Perspective on morbidity and mortality of cervical surgery performed in outpatient/same day/ambulatory surgicenters versus inpatient facilities
- Clinical Prof. of Neurosurgery, School of Medicine, State University of New York at Stony Brook, NY, and c/o Dr. Marc Aglulnick, 1122 Franklin Avenue Suite 106, Garden City, NY, USA.
Nancy Epstein MD, Clinical Professor of Neurosurgery, School of Medicine, State University of New York at Stony Brook and c/o Dr. Marc Agulnick, 1122 Franklin Avenue Suite 106, Garden City, NY, USA.
DOI:10.25259/SNI_509_2021Copyright: © 2021 Surgical Neurology International This is an open-access article distributed under the terms of the Creative Commons Attribution-Non Commercial-Share Alike 4.0 License, which allows others to remix, tweak, and build upon the work non-commercially, as long as the author is credited and the new creations are licensed under the identical terms.
How to cite this article: Nancy Epstein. Perspective on morbidity and mortality of cervical surgery performed in outpatient/same day/ambulatory surgicenters versus inpatient facilities. 12-Jul-2021;12:349
How to cite this URL: Nancy Epstein. Perspective on morbidity and mortality of cervical surgery performed in outpatient/same day/ambulatory surgicenters versus inpatient facilities. 12-Jul-2021;12:349. Available from: https://surgicalneurologyint.com/surgicalint-articles/10959/
Background: This is an updated analysis of the morbidity and mortality of cervical surgery performed in outpatient/same day (OSD) (Postoperative care unit [PACU] observation 4–6 h), and ambulatory surgicenters (ASC: PACU 23 h) versus inpatient facilities (IF).
Methods: We analyzed 19 predominantly level III (retrospective) and IV (case series) studies regarding the morbidity/mortality of cervical surgery performed in OSC/ASC versus IF.
Results: A “selection bias” clearly favored operating on younger/healthier patients to undergo cervical surgery in OSD/ASC centers resulting in better outcomes. Alternatively, those selected for cervical procedures to be performed in IF classically demonstrated multiple major comorbidities (i.e. advanced age, diabetes, high body mass index, severe myelopathy, smoking, 3–4 level disease, and other comorbidities) and had poorer outcomes. Further, within the typical 4–6 h. PACU “observation window,” OSD facilities “picked up” most major postoperative complications, and typically showed 0% mortality rates. Nevertheless, the author’s review of 2 wrongful death suits (i.e. prior to 2018) arising from OSD ACDF cervical surgery demonstrated that there are probably many more mortalities occurring following discharges from OSD where cervical operations are being performed that are going underreported/unreported.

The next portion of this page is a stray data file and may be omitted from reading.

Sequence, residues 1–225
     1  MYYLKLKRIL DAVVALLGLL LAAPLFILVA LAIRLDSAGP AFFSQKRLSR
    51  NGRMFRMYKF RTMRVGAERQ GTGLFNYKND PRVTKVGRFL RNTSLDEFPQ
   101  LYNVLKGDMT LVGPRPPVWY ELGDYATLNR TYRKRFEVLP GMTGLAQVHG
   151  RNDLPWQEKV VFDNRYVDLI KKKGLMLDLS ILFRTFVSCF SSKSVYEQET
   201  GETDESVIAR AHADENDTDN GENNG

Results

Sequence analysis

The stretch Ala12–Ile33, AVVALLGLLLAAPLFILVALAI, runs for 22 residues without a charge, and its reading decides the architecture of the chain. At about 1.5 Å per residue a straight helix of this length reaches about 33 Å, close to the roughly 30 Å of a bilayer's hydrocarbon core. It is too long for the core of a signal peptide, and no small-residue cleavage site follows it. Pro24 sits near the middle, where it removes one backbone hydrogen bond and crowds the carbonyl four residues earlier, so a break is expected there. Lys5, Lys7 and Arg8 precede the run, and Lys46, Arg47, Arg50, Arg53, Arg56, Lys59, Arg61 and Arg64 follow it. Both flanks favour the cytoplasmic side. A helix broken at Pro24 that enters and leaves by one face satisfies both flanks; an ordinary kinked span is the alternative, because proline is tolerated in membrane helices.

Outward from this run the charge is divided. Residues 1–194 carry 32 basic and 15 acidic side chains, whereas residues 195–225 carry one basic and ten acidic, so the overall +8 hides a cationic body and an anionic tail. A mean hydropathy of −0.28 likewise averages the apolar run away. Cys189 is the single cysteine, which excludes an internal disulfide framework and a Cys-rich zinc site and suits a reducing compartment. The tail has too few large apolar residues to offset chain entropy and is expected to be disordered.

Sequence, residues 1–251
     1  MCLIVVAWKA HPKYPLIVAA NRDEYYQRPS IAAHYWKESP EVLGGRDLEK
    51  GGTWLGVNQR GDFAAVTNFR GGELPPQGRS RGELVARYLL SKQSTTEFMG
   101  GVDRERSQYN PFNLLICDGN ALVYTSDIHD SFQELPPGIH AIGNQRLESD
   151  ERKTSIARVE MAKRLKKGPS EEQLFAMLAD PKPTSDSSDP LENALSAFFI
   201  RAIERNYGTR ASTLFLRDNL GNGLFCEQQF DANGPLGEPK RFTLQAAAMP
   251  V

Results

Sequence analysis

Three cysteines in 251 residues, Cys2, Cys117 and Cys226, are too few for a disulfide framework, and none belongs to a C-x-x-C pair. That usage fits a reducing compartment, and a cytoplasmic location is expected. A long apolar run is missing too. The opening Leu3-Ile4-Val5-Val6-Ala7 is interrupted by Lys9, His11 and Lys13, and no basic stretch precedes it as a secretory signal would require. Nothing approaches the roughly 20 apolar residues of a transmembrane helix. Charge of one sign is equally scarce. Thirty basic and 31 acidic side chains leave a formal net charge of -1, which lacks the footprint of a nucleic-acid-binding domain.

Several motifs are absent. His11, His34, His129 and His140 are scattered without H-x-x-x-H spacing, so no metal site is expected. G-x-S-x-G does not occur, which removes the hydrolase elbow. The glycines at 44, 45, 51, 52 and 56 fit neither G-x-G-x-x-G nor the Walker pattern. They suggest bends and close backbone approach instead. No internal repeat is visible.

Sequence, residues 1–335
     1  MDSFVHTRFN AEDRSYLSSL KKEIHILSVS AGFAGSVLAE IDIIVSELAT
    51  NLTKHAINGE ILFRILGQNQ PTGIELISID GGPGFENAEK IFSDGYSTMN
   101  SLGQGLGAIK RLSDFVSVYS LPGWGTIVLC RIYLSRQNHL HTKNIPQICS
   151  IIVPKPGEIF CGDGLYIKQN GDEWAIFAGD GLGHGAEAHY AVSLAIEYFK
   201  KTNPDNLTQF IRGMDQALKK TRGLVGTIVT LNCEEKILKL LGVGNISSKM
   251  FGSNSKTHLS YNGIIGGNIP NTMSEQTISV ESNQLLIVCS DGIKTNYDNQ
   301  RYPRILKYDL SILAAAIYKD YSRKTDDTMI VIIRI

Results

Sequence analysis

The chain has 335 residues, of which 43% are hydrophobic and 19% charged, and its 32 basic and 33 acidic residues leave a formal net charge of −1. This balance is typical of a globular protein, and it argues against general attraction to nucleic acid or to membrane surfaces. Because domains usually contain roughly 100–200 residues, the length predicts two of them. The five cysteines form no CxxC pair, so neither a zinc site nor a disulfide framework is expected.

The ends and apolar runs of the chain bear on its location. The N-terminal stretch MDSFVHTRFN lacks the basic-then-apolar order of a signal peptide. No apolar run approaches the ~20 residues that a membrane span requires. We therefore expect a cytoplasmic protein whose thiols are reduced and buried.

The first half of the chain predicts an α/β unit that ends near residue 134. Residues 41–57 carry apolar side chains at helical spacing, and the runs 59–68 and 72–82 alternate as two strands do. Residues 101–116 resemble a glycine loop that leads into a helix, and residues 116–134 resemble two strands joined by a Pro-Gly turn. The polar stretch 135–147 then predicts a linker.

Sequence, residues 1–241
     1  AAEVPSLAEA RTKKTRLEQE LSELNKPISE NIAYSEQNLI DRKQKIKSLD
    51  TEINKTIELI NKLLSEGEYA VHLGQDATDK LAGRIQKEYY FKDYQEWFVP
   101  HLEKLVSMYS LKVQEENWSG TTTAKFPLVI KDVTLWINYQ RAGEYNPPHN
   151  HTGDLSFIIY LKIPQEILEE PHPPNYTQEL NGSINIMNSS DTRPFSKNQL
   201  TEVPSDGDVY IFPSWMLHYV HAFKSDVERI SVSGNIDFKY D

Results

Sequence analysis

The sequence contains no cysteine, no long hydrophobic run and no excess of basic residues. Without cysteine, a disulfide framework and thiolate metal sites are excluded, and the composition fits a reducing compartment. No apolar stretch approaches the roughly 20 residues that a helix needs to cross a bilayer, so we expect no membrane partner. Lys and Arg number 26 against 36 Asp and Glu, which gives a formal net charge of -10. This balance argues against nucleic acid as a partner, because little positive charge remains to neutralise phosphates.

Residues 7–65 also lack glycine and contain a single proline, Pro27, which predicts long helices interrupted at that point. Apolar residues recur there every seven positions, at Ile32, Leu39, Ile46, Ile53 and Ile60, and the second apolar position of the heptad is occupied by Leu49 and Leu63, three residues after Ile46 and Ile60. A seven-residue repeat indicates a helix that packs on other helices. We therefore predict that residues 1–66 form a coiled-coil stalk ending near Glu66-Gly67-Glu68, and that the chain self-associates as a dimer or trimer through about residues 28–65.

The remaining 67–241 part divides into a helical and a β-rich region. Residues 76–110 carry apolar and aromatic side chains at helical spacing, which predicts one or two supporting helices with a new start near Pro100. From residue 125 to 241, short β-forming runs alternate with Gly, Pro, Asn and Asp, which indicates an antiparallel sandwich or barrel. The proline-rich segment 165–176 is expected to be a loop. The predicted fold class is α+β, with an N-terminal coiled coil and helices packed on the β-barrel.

Conclusion: “Selection bias” favors choosing younger/healthier patients to undergoing cervical surgery in OSD/ ASC facilities resulting in better outcomes. Atlernatively, choosing older patients with greater comorbidities for IF surgery correlated with poorer results. Although most OSD cervical series report 0% mortality rates, a review of 2 wrongful death suits by just one neurosurgeon prior to 2018 showed there are probably many more mortalities resulting from OSD cervical surgery than have been reported.
Keywords: Ambulatory surgical centers, Cervical disc replacement, Efficacy, Morbidity, Mortality, Multilevel, Outpatient/same day surgery, Safety, Update, anterior cervical diskectomy/fusion